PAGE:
In military use, there is an array of various radars. The surface movement and the primary surveillance radars have a function of sensing objects in the vicinity, notably under obscure weather conditions. The secondary surveillance radars work in a similar manner, but are airborne, which allows them to transmit the detected signals to the detectors on the ground.

In the oil and gas industry, they can be used to scan the ground for irregularities that determine the presence of oil and gas fields and act as a part of the communication system of the sector.

Air traffic management is yet another domain that heavily relies on radars. Just like in the military, the radars are used in aviation to detect planes and coordinate timely responses with the airborne and ground-based crafts. Used in conjunction with the multi-lateration systems (MLAT/WAM, these radars allow for safer circulation of aircrafts and vehicles.

As we will see later, radars can also be used in meteorology. A special L-band type is often employed in this sector.

The L-band
First of all, L-band is a range of frequencies. These operate at 1-2 Ghz of the radio spectrum and possess a wavelength of 30-15 cm. It is thanks to its low frequency, that L-band is so frequently used in radars and other technology, such as radio, telecommunications and global positioning systems (GPS).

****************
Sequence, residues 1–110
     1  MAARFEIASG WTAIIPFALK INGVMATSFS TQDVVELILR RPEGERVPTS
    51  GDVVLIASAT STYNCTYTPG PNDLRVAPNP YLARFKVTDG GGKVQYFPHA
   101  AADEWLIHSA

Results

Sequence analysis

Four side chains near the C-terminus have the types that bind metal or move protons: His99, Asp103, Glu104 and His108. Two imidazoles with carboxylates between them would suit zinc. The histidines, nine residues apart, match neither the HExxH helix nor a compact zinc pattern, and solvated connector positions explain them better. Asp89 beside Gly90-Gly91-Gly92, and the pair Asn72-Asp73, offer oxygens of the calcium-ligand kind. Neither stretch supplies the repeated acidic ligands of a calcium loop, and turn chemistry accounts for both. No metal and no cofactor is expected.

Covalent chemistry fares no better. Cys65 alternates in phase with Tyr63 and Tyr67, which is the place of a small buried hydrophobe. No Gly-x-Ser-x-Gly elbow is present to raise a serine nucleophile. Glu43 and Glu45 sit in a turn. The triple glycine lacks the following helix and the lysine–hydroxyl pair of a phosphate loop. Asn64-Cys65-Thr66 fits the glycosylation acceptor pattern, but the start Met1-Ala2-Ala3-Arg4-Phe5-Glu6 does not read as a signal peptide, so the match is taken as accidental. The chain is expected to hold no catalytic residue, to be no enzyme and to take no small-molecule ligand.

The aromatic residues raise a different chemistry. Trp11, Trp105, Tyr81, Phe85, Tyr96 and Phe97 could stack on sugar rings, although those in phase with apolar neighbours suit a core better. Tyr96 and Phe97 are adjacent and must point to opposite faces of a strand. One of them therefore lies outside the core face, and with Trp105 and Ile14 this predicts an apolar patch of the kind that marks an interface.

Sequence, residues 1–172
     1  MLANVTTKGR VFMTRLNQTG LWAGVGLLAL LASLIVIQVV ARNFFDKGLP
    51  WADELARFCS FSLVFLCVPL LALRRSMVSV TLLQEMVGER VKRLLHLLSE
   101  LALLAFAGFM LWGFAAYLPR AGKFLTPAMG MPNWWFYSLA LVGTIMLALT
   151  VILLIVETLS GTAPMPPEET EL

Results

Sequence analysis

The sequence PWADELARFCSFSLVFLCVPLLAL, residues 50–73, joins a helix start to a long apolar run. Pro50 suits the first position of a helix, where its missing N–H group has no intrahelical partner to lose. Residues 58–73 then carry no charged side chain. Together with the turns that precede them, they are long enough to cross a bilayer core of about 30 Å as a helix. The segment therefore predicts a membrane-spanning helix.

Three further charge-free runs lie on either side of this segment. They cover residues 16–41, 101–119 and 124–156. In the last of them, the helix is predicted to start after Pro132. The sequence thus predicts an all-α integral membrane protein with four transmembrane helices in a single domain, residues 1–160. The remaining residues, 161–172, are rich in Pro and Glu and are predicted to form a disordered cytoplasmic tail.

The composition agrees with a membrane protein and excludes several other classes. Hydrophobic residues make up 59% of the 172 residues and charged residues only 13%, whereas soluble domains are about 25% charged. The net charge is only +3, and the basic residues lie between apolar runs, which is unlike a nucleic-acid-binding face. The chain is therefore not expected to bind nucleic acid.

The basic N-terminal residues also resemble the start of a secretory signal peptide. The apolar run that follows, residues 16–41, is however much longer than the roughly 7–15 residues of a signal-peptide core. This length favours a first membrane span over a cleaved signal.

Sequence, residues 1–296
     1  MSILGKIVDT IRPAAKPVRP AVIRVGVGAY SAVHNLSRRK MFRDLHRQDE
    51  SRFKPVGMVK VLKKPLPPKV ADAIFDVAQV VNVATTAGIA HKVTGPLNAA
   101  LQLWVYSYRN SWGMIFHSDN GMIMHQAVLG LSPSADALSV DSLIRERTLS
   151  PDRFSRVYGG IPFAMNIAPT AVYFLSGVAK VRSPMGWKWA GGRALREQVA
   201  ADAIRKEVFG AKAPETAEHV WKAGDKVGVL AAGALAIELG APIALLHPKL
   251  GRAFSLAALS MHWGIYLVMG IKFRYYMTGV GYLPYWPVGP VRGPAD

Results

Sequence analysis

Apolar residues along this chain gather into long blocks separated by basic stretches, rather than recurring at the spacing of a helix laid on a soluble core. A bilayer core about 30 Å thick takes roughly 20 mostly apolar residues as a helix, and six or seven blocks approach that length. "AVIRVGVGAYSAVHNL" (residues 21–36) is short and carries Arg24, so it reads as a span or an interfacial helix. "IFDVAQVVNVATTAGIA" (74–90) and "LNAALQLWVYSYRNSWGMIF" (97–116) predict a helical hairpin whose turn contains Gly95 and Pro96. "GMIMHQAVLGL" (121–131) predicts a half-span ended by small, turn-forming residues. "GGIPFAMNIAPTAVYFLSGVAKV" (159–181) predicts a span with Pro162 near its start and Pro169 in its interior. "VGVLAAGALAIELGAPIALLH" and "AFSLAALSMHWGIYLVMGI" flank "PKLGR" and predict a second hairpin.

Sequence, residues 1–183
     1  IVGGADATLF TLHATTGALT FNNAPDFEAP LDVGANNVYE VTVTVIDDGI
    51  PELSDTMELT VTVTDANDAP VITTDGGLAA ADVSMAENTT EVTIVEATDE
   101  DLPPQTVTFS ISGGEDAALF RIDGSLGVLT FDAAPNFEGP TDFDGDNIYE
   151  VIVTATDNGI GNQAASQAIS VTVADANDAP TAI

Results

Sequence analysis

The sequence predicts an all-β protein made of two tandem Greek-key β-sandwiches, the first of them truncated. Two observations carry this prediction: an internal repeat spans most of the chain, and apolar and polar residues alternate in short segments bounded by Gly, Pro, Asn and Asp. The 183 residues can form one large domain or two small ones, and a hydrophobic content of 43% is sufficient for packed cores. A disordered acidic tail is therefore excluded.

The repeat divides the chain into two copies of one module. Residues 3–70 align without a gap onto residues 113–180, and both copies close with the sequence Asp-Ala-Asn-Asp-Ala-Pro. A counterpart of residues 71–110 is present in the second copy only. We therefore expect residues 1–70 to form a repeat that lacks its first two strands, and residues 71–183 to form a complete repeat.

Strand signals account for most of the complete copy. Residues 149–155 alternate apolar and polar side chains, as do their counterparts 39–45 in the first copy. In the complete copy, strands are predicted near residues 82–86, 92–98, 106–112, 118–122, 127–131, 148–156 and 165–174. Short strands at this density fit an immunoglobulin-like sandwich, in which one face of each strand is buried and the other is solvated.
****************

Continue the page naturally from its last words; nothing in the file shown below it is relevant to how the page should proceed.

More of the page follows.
The radars that operate with L-bands, are specifically used in the meteorological field. For instance, the clear air turbulence studies employ these radars to measure the fluid motion of air masses in absence of visual clues. When clear air-turbulence occurs in the range of commercial flights or any other aircrafts, it could be dangerous for comfort or even safety. It is therefore essential to monitor it via radars with L-bands specific frequency range.

However, the use of the L-band radars isn’t purely limited to meteorology. They could be found in low-Earth orbit satellites, helping monitor the state of equipment from far away locations. They are also used in military equipment.

Other types of radars use or have formerly employed other forms of frequency ranges, such as the C-band or the now obsolete D-band. This is because various frequencies serve various purposes and are employed according to their field of necessity.

The role of information communication technologies in airports

When operating an airport, making the most of the infrastructure’s potential is key. This means having the right technical infrastructure in place and the right processes all working in tandem to maximise efficiency all across the airport. This is where having the right information communication technologies is key. Learn more about some of the important information communication technologies in an airport and how it contributes to making the airport experience better for everyone.